In this shot, I did a quick clone-out of the bars of the cage.
Not only did Ebony come and immediately start playing with objects outside the cage but he also would sit on his haunches and take some of the vegetation in his beak and move his head from side to side and up and down, twisting it around his beak. He also played with one of his or his cage mates' big black feathers by taking it in his beak and tossing it in the air and chasing after it. Then, when I held my hand over my head and snapped my fingers, he flew onto the cage again, as he had the last time I was there, as if he knew exactly what I wanted him to do. The children who happened to be standing at the cage were astonished. So was I.
So much so that I called the nature center and spoke to the wildlife director. I wondered if staff had found the bird to be so friendly and playful, too. Kathryn Dudeck told me that this Black vulture is indeed so sociable because he was imprinted on humans when he was a nestling taken from his nest (on the ground) by a park ranger who thought he was rescuing the bird by keeping him and feeding him. Instead, the bird, now imprinted, could not be released into the wild, so the nature center has the responsibility of keeping him alive and well. The other Black vulture in the cage, a 41-year-old female, is the oldest Black vulture in captivity in the U.S., having hatched in 1970. The other bird sharing the cage is a Turkey vulture that arrived at the nature center in 1989 with nerve damage to her right wing, making her unable to fly.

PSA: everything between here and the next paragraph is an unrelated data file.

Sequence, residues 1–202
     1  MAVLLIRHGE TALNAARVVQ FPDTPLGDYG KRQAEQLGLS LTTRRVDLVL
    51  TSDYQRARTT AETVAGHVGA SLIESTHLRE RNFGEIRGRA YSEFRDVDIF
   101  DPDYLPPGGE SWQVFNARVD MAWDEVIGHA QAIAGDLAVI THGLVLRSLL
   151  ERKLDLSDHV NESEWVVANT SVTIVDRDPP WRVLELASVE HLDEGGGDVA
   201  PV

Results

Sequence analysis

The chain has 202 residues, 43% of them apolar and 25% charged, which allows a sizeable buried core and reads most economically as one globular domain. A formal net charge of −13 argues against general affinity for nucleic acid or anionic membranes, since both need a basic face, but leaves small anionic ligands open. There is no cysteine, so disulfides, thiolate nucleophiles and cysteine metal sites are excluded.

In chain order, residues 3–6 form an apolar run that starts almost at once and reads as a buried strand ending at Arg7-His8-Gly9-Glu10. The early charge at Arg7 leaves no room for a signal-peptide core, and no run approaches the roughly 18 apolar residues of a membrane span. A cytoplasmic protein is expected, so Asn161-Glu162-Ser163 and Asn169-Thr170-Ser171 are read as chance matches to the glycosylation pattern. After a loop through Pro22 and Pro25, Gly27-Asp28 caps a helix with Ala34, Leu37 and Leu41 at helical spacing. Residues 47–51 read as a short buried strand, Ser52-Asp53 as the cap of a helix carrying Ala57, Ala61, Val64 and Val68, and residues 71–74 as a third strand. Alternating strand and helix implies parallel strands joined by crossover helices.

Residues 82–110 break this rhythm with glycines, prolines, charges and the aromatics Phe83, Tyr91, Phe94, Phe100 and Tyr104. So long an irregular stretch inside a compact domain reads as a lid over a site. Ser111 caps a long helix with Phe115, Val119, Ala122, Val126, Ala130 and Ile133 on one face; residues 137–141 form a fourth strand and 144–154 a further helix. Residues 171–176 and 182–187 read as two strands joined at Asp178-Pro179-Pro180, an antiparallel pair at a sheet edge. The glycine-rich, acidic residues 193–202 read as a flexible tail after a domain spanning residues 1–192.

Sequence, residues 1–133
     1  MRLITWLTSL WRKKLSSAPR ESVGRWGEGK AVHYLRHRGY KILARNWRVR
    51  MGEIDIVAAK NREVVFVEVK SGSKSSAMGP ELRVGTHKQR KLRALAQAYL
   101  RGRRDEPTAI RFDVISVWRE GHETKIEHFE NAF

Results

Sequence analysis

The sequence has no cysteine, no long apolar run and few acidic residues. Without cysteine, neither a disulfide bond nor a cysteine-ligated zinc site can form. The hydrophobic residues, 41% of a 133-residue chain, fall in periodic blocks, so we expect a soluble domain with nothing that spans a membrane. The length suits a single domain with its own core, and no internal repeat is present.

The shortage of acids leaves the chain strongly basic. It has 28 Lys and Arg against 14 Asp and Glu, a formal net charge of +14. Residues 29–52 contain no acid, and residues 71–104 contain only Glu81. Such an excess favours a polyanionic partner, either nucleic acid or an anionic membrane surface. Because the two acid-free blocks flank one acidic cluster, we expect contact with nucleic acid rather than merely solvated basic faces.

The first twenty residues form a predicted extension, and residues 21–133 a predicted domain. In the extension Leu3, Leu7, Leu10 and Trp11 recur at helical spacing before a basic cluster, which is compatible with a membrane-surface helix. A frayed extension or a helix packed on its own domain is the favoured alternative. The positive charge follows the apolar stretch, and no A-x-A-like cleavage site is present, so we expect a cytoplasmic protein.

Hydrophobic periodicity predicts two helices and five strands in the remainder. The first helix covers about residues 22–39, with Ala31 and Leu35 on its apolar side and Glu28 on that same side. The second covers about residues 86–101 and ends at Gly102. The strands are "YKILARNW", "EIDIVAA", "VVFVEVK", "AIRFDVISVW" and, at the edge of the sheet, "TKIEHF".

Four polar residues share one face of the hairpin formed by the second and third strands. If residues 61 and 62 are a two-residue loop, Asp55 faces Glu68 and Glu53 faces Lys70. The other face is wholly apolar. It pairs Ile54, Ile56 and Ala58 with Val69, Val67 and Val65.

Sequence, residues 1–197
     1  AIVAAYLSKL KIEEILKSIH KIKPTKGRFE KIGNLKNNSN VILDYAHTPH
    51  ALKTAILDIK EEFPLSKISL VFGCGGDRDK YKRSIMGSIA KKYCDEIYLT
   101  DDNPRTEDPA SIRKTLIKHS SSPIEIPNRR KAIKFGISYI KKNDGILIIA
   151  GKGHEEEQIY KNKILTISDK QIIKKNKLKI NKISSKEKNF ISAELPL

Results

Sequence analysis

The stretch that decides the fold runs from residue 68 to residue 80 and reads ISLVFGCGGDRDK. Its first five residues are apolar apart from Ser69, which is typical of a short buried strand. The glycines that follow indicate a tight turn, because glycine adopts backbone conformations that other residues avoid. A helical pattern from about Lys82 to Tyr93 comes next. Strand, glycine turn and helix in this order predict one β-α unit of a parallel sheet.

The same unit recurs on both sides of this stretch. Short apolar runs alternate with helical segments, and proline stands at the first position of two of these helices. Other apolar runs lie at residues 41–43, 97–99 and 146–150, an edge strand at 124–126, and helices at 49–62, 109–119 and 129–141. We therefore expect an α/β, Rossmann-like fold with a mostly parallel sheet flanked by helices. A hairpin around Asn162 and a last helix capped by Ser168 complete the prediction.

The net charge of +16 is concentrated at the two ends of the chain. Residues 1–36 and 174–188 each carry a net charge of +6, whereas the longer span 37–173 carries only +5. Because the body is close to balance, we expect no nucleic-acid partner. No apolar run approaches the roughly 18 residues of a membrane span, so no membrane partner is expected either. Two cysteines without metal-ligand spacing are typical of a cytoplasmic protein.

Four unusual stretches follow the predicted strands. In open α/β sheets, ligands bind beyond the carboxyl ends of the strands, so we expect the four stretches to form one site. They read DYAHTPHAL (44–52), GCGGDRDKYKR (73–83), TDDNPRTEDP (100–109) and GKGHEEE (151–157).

Feeding just the three vultures costs the nature center twelve dollars a day. If you are so inclined, you may make a donation to the Chattahoochee Nature Center. In addition to the rehab-and-release work they do for many types of birds and animals, the wildlife staff cares for non-releasable birds such as Barred owls, Red-tailed hawks, Bald eagles, etc.
*Note: The nature center does not name its critters; Ebony is the name my friend and I gave him.